Non-resident foreign currency debtors carry an average of 30 percent more debt than their borrowed real estate, according to the National Bank of Hungary (MNB). So some of the debt would have to be forgiven, but it could only come after paying the reduced installments properly – reports Good Finance.
Extending the exchange rate
Barrier and limiting the bank’s dominant position can help foreign currency borrowers who pay their installments properly, according to a compilation prepared by the Internet portal.
According to the Internet newspaper, central bank experts also include in the Financial Stability Report what exactly they mean by these measures. Unilateral interest rate increases and the exchange rate margin were valued as the application of dominance.
According to the central bank
The dominant position could be limited by transparent pricing (a fixed premium over the reference rate) or a fixed interest rate for a minimum of five years. (New mortgages can only be priced this way for years.)
According to the central bank’s report, the risk of a further decline in willingness to pay may persist until the issue of foreign currency loans is finally resolved – read an article on Good Finance.
The MNB’s experts on the exchange rate barrier believe that broadening the option to borrowers would significantly reduce credit risks. In the opinion of the MNB, a prolonged preferential repayment up to the end of the term, or a partial waiver of the principal between the market and the preferential exchange rate, would represent a manageable expense that would be prolonged.
They note that the burden-sharing should take into account that if the bank were to have to pay the capital, it would have to set up a provision for all expected losses according to accounting rules.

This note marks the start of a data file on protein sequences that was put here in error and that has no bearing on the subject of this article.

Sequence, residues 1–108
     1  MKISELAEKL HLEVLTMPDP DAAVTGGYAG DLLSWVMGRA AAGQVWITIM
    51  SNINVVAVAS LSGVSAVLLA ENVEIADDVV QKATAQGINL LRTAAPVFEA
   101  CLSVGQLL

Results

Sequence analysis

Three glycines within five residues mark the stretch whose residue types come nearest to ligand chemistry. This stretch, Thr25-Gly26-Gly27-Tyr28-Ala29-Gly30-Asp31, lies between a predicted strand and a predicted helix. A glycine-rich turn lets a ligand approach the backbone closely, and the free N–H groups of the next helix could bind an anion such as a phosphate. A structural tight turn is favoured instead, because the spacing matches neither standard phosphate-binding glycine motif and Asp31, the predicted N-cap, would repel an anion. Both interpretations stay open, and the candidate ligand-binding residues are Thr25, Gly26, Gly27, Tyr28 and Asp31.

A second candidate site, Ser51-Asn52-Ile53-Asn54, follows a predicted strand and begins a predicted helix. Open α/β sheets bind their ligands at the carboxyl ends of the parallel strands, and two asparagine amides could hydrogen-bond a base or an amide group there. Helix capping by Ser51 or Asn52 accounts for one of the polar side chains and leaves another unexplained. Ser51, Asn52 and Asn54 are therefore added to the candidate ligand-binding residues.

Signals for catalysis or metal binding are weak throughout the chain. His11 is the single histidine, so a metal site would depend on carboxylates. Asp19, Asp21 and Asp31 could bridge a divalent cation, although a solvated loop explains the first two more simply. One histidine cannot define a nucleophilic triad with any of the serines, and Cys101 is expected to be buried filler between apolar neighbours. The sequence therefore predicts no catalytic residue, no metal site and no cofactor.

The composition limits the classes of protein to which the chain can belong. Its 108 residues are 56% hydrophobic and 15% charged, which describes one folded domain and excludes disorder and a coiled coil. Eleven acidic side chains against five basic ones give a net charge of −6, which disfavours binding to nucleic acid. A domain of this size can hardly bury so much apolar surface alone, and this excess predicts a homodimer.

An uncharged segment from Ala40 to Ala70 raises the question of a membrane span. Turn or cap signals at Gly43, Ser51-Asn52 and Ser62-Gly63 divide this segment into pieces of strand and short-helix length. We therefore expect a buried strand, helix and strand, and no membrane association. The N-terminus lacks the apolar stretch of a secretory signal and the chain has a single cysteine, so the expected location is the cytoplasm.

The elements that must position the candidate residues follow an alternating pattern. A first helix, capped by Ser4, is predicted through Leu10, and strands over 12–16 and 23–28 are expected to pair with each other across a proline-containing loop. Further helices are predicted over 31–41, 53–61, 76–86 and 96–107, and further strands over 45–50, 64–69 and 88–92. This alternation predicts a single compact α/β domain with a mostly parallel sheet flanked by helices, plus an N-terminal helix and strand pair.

In the case of non-performing foreign currency-denominated mortgages, according to the report, the outstanding debt is on average more than 30 percent higher than the value of the collateral.
They also state that there is debt cancellation coverage
However, they also state that there is debt cancellation coverage, as the debt reduced by the provisions already made is on average only 80 percent of the estimated value of the property. According to the MNB, banks are able to sell real estate for half the value of real estate.
The MNB’s experts concluded that restoring solvency and willingness would be the most appropriate. This could be achieved through a more substantial partial debt write-off at the individual level following the restructuring, but the debtor would only actually receive the reduced installments properly.
They specifically emphasize that the problem should be treated the same in the case of defaulting and performing foreign currency debtors. Intervening only with non-performers would reduce their willingness to pay and justify those who had previously stopped paying, according to Good Finance (MTI).